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Friday, Jan. 20, 2006
TOKYO FOOD FILE
That Mediterranean buzz
Readers of this column over the past seven years will be well aware of our abiding love of the food and wine of the western Mediterranean. Anyone who has eaten his or her way around Spain will understand. From the seafood of Galicia and the Basque coast to the sherry, tapas and superb hams of Andalucia, there is so much great eating and drinking to be done. And that's before you even get to Morocco.
Chef David Chiddo clearly shares the same enthusiasm. His menu at Cicada, halfway between Hiroo and Nishi-Azabu, is a loving homage to some of the best dishes from our favorite region, with creative additions from as far afield as Italy, Greece and Lebanon. Judging from the full tables and the contented hubbub that spreads through the restaurant every evening, there are plenty of other people in Tokyo who feel the same way.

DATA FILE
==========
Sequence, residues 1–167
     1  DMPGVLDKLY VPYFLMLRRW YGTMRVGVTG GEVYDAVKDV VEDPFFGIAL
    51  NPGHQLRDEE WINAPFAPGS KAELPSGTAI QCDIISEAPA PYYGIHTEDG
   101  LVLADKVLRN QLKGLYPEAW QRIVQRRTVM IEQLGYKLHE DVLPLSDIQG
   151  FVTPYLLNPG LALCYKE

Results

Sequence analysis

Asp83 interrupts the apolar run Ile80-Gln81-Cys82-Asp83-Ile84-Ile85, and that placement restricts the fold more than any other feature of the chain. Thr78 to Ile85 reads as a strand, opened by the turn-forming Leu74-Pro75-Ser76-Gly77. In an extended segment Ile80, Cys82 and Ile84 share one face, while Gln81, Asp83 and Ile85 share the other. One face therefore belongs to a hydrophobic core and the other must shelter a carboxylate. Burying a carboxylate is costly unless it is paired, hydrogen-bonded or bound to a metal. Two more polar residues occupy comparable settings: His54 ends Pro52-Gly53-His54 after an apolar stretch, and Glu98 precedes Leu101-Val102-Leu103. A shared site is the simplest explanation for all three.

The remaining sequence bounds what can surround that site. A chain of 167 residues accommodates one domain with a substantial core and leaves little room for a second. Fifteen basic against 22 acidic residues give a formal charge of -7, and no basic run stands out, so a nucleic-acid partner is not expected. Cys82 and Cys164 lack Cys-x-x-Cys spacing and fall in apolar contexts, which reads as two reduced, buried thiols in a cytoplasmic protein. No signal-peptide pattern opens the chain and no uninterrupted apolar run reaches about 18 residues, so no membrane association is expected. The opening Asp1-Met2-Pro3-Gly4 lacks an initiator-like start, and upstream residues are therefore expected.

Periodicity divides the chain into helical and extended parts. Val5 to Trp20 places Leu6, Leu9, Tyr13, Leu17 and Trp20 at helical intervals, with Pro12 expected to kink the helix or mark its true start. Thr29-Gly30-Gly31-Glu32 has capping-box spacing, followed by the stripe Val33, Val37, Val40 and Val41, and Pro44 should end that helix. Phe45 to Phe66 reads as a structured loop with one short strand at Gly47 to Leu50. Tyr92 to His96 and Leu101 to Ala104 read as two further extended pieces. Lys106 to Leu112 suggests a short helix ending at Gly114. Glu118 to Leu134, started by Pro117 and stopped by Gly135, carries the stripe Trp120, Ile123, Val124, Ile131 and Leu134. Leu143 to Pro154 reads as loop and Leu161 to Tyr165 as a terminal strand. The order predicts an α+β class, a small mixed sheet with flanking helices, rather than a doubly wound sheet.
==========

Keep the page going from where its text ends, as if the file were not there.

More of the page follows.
New York born and trained, with stints in both Los Angeles and France under his belt, Chiddo came to Japan more than 13 years ago to launch Lunchan, before moving on to help put T.Y. Harbor Brewery on an even keel. But he always aspired to running a top-flight French restaurant -- until he too fell in love with those simple, beguiling Mediterranean flavors. That was well before the current boom in Spanish bars and restaurants. There was nowhere here doing that kind of food right, he says. "So I opened the kind of restaurant that I wanted in Tokyo but couldn't find."